Spennymoor Town 2-1 Tunbridge Wells - We gave it everything on a day to remember, says Jason Bourne
SPENNYMOOR TOWN 2-1 TUNBRIDGE WELLS
The FA Carlsberg Vase Final
Saturday 4th May 2013
Stephen McCartney reports from Wembley Stadium
TUNBRIDGE WELLS manager Martin Larkin spoke of his immense pride and heartbreak after his brave side picked up runners-up medals following to a standing ovation their first ever FA Carlsberg Vase Final.
The Northern League extended their Wembley dominance of the competition to five-years after Spennymoor Town collected the silverware in their first visit, in front of 16,751 fans at a sun-kissed Wembley Stadium.
Spennymoor arrived in London sitting in second place in the Northern League with only three league defeats from their 41 league games, 22 points adrift of champions Darlington.
The County Durham outfit opened the scoring with their first opening when striker Gavin Gogdon headed home inside seventeen minutes.
But around 12,000 fans that made the short trip from Kent raised the roof when winger Josh Stanford, 22, rifled a right-footed shot into the net with only thirteen minutes left.
But big-spending Spennymoor ensured it was to be a heartbreaking defeat when man-of-the-match Keith Graydon smashed home the winner just 159 seconds later.
“We’re very proud of it and proud of the players and proud of the fans’ that got involved,” said Larkin, 32, afterwards.
“They’re a better side than us. We knew that and we had to go on and make sure that we played and competed and we did that for very long periods of the game, but when it mattered they stepped up at the end and got their winner and full credit to them.
“I don’t want people to think it was a one-sided game. We had our time and we defended well and it just wasn’t to be unfortunately.”
Tunbridge Wells skipper, Jason Bourne, 32, was proud to lead out his home-town club on it’s greatest ever day.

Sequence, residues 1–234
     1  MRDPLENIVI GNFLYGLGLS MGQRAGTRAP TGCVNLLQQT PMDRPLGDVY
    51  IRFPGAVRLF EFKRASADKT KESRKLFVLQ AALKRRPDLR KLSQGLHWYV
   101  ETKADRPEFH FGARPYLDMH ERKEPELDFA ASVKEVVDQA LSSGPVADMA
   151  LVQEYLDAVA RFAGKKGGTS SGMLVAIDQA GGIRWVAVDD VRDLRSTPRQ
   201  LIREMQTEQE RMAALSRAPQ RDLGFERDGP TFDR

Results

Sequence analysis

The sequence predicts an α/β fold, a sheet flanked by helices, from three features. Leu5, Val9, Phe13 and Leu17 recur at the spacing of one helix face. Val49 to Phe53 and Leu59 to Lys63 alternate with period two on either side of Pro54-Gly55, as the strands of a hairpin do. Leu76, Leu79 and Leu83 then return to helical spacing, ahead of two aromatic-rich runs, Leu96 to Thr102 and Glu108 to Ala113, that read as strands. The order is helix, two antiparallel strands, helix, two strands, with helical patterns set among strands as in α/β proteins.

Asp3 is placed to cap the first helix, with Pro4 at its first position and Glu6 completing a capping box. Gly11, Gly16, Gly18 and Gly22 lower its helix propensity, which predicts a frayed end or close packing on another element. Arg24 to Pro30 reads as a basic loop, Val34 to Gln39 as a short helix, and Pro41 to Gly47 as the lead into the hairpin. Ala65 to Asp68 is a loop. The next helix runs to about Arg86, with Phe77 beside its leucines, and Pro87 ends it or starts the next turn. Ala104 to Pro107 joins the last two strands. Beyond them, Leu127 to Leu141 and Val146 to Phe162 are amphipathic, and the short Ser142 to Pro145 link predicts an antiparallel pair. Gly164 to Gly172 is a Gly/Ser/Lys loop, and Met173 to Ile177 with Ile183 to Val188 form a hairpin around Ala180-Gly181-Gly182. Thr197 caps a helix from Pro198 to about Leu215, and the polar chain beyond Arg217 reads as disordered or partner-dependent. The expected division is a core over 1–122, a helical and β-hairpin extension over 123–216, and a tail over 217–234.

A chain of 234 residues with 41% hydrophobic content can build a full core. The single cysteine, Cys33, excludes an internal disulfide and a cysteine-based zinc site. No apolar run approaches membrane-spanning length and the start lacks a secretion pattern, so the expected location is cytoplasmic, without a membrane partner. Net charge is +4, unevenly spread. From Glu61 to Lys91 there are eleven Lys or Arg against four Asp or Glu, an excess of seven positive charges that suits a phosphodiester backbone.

He said: “Extremely proud! The turnout was unbelievable! We knew how many people it was going to be, but to see it with your own eyes and the noise they made, everything, it was such a proud moment.
“It was everything I thought it was going to be and more – unfortunately the result didn’t quite go our way.”
Reflecting on the team’s arrival on the lush playing surface in front of an empty stadium and leading the side out on to the pitch just before kick-off, Bourne said: “It was brilliant! We got here to an empty stadium. That was unbelievable! We knew everyone was nice and calm and composed, which is everything that you would’ve wanted but then we came in and got dressed and when we came out for a warm-up it was starting to fill up.
“I’ve got my two children (leading the side out) with me, which makes it an even more prouder for me. To have my two children and share that experience with them was brilliant. It was everything I wanted so we can take that away from it, if nothing else.”
Tunbridge Wells were not overawed by the big occasion and Andy McMath – who is emigrating to Australia in a few weeks’ time - cracked a right-footed shot sailing over the bar from 25-yards after only 19 seconds.